What is a thesis statement?


One of the most important elements of most scientific articles, whether it is an essay or a research paper, is the thesis statement.

A thesis statement is a sentence that indicates what you want your article to demonstrate, what you want your readers to convince after they have read your thesis.

This is the basis of all the work and informs the reader exactly what you want to achieve with the article, that is, what you want to prove or disprove.

Unless you are documenting research or writing a purely descriptive essay, your work will be based on this thesis statement, so it should be well thought out and well described.

What is a thesis statement for?

If you’ve been tasked with analyzing, discussing, comparing and contrasting, establishing cause, or interpreting cause, chances are you’ll need to use a well-defined thesis statement as the basis.

This establishes your position and each part of the article will have to refer to this in some way.

The four steps to writing a good thesis statement

  • Firmness: Your thesis statement should state exactly what you want to prove with the article.
  • Uniqueness: The thesis statement, in most cases, should contain a single idea, to keep the article focused.
  • Specificity: Your thesis statement should be as specific as possible, so it’s clear where you stand. One sentence is enough for shorter articles.
  • Position: should be in the introduction, in most cases in the ending.

1. Firmness

Tell the reader what you want to try

Knowing what you’re trying to achieve and getting it down in writing can often be the hardest part, and writing the actual statement can be one of the most daunting aspects of the essay. You’re trying to make sure that it tells the reader exactly what you’re proposing.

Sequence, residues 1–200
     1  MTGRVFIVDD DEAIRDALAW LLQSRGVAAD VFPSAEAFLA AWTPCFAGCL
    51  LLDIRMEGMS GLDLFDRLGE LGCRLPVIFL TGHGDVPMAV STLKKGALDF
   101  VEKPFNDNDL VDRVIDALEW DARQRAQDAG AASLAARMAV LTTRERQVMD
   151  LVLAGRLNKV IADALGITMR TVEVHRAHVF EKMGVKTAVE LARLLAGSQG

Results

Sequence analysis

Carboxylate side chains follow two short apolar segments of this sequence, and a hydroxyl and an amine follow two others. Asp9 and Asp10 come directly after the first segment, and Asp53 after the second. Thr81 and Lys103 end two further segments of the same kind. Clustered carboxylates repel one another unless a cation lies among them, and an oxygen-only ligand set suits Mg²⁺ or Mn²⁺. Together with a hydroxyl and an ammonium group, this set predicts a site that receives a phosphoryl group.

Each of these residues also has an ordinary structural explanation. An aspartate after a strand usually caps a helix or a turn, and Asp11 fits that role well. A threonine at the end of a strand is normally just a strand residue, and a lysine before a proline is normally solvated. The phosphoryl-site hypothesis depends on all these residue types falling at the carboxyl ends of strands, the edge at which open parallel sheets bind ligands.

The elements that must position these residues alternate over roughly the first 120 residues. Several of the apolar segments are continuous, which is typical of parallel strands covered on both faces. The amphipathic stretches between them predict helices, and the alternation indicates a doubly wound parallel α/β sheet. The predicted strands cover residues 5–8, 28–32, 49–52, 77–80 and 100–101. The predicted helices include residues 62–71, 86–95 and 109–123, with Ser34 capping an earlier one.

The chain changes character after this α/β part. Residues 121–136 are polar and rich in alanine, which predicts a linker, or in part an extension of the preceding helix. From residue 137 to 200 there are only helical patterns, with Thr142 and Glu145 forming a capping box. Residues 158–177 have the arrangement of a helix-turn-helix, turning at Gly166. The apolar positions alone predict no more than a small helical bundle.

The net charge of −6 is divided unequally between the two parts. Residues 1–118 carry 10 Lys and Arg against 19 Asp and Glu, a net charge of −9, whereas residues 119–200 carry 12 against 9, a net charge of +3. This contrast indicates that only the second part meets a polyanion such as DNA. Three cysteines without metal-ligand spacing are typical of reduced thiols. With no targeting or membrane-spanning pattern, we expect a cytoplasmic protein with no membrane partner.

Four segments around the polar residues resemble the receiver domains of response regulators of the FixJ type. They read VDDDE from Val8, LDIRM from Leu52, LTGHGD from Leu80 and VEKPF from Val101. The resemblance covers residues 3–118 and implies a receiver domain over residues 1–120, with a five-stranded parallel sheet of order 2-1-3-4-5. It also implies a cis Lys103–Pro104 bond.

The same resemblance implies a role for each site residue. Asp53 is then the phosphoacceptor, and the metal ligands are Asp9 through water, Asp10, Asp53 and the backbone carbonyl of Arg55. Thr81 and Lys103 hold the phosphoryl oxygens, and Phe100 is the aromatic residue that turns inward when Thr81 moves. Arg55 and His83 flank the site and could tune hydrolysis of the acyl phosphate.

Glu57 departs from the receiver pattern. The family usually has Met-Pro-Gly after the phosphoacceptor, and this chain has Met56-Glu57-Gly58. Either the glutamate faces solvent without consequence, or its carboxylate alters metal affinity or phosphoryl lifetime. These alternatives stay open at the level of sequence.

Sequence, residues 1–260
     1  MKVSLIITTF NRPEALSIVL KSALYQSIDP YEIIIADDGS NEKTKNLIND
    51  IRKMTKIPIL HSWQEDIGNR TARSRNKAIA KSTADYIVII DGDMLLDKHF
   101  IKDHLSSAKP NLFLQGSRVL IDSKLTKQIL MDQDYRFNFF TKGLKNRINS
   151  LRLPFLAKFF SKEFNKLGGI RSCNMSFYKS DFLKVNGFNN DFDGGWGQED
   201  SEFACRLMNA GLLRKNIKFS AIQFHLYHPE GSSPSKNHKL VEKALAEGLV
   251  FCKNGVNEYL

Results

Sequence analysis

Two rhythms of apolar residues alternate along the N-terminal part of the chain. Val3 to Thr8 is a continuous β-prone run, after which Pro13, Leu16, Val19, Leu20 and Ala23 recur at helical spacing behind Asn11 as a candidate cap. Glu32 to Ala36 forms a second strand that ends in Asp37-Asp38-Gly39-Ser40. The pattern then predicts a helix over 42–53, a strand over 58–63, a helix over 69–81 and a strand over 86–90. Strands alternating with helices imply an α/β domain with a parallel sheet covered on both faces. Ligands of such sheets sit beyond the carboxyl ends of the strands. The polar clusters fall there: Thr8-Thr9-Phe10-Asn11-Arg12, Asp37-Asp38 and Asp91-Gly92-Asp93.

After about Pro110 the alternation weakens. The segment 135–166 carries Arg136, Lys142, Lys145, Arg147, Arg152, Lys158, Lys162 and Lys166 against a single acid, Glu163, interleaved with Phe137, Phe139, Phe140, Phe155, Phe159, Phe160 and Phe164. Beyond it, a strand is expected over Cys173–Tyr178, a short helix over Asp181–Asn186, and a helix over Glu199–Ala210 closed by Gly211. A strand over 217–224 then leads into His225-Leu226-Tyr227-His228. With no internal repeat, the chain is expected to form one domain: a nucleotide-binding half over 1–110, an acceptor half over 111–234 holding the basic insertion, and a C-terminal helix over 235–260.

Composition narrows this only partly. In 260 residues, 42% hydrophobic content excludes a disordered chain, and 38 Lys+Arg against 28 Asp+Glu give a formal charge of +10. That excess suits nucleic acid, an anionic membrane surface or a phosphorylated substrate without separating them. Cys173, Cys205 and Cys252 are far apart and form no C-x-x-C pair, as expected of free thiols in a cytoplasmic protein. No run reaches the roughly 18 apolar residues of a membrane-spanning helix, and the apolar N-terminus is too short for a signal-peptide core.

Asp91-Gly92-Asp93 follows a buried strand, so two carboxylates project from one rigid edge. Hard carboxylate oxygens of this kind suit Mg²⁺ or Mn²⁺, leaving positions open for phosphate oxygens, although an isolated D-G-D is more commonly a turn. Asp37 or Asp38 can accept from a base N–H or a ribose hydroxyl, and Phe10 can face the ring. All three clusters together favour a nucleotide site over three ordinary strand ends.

A thesis is not the topic of the article but an interpretation or point of view.

For example, you may be writing an article on the effects of adding omega-3 fatty acid supplements to your diet. This is the topic of the article.

The thesis will establish what you believe, for example, you can argue that you consider that Omega 3 fatty acid supplements are beneficial for health. Equally, you could argue that they have no effect or that they are harmful.

2. Uniqueness

One article = one concept

In most articles, it’s best to discuss a concept and build on it. Otherwise, the article will quickly lose its direction, fail to answer any points, and totally confuse the reader.

For example, you can write an article about gambling addiction. Trying to write an article claiming that Pavlov’s and Skinner’s theories that conditioning influences behavior is difficult.

It is best to choose one of the two types and take it as the basis of your essay. You could argue that operant conditioning is the main factor behind addiction and set out to prove it. Pavlov will also appear in the article, but as part of the background.

3. Specificity

put things together

Your thesis statement should tie together all the background information included in your introduction and make it into a single statement. It is not a repetition of the introduction, but a posture.

4. Position

Where is the thesis statement located?

A thesis statement should be in the introduction of the document, taking up more or less one sentence. It is usually found in the first paragraph, although some authors prefer to discuss the background first and build the thesis at the end of the introduction.

This is generally perfectly acceptable, although you should check with your supervisor.


Happy Reading!!!!
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